Since I know you love anecdotal references, I must share how traumatized I was when my children were in a high school production of “I never saw another butterfly” For those who don’t know and are weak with google, this is a play based on a collection of works of art and poetry by Jewish children who lived in the concentration camp Theresienstadt.

    Concentration camps were run by Nazis, who, rumor has it, used swastikas.

    I wonder if this play should be banned too. For the children. So that children who died at the hands of Nazis may never be heard and forgotten.

    1. SHG Post author

      If a child gazes upon a swastika, even if used to demonstrate the evils of the Nazis, it will burn their eyes and sear their brains. Doesn’t anyone care about the children?

      And yes, I adore anecdotes. But not too often, so they remain special.

      1. Martin Goodson

        Mr. Pritchard needs to scour his library, black permanent marker pen in hand, in search of that dread image. You can’t be too careful and, as he said there is absolutely NO context in which a swastika is acceptable, that surely must include books?

        Books on the history of Germany, books on World War II, books on military history, books on aviation history, all kinds of books may be at risk of containing a depiction of a swastika.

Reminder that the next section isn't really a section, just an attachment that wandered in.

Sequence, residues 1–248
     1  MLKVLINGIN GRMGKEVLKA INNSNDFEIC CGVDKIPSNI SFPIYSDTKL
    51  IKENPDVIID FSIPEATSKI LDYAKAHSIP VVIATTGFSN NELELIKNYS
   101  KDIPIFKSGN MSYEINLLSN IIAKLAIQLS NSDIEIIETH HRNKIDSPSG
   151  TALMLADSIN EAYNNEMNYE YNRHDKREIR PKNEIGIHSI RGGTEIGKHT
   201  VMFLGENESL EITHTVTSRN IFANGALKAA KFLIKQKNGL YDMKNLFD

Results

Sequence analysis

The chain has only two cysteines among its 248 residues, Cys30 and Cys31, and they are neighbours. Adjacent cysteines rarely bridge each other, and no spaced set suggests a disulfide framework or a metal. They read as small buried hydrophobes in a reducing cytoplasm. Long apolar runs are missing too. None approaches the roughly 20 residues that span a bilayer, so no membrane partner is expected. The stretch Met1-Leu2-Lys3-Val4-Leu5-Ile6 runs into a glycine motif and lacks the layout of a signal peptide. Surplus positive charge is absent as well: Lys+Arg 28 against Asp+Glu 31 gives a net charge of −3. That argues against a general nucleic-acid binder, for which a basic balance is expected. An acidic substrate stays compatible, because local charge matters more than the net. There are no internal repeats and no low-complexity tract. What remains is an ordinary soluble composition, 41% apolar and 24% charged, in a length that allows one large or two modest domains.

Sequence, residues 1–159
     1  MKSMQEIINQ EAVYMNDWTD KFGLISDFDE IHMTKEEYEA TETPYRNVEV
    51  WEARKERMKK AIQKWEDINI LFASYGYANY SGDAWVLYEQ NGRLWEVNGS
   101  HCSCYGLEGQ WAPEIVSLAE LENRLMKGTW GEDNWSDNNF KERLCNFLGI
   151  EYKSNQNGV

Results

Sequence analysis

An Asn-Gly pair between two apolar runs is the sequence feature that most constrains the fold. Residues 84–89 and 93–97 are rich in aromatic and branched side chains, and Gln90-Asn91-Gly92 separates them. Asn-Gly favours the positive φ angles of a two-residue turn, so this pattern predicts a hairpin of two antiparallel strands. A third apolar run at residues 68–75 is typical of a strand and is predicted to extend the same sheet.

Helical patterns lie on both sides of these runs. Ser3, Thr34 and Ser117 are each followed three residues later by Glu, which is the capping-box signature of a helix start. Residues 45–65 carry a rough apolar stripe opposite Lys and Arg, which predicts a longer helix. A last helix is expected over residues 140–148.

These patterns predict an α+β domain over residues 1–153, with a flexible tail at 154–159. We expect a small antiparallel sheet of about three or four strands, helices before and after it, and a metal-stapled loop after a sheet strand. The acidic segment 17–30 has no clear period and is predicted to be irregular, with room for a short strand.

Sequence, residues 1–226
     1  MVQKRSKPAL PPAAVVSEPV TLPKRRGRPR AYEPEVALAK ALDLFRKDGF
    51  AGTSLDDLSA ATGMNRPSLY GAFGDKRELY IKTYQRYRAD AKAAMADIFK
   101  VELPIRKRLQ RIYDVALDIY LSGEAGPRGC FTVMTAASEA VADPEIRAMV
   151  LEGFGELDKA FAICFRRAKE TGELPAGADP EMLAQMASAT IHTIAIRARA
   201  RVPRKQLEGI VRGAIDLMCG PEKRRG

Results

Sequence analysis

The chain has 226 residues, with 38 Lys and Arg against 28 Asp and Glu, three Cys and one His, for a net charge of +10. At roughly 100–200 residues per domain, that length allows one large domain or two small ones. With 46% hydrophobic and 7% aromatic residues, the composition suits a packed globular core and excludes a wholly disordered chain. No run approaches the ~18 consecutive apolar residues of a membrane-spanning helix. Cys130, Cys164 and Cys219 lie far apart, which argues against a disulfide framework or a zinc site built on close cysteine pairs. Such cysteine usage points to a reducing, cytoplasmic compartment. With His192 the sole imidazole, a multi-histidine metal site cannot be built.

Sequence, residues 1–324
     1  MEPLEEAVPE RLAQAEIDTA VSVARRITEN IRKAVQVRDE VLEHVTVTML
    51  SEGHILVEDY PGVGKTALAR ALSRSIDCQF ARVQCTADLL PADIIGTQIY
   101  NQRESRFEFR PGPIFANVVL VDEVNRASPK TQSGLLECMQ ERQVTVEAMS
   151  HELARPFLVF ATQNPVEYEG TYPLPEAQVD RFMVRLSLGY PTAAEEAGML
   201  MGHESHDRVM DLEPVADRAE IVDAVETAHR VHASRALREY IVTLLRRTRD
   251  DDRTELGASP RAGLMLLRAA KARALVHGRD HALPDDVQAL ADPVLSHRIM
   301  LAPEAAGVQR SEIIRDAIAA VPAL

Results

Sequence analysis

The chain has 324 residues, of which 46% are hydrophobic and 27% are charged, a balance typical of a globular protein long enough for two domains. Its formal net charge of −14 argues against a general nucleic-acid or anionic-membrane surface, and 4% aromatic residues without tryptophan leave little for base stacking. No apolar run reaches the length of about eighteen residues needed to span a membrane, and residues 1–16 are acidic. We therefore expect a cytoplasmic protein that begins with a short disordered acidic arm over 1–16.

Who knows what kind of mental trauma could be experienced by a youth with a perfectly innocent interest in aviation inadvertently stumbling upon a picture of a Messerschmitt 109? His or her young life could be utterly ruined by that kind of psychic shock!

        1. jay-w

          It’s worse than that: Prior to the 1930’s, the swastika was routinely used as a totally non-political design element in arabesque artwork — very possibly even on the covers of children’s books.

          I have several books in my library that had originally been purchased by my parents (or maybe grandparents) in the 1900-1920 timeframe that are decorated with swastikas. I am not at home right now, so I can’t check, but I’m pretty sure that one of them is a poetry book.

          1. Keith

            Ever been to the Jefferson County Courthouse? My wife had a trial there last year and sent a pic of this:

  4. Richard G. Kopf


    You serve a very valuable service. I never knew that The Producers was a satire. Indeed, I always thought “Springtime for Hitler” was merely a pretty song like “Edelweiss” from The Sound of Music. Please keep the education coming.